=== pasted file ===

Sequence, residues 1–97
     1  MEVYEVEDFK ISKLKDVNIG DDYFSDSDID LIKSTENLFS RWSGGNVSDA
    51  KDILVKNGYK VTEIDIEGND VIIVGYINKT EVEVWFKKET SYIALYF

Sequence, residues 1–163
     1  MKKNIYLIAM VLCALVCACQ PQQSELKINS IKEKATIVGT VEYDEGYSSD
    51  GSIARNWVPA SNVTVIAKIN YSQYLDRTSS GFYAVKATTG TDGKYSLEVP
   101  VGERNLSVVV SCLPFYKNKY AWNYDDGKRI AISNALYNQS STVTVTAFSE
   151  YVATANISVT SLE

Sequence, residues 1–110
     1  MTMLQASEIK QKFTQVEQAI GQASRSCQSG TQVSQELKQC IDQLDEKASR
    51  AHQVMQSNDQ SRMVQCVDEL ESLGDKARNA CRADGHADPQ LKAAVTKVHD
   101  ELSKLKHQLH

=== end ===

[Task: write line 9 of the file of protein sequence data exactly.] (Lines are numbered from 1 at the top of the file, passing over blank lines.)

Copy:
Sequence, residues 1–110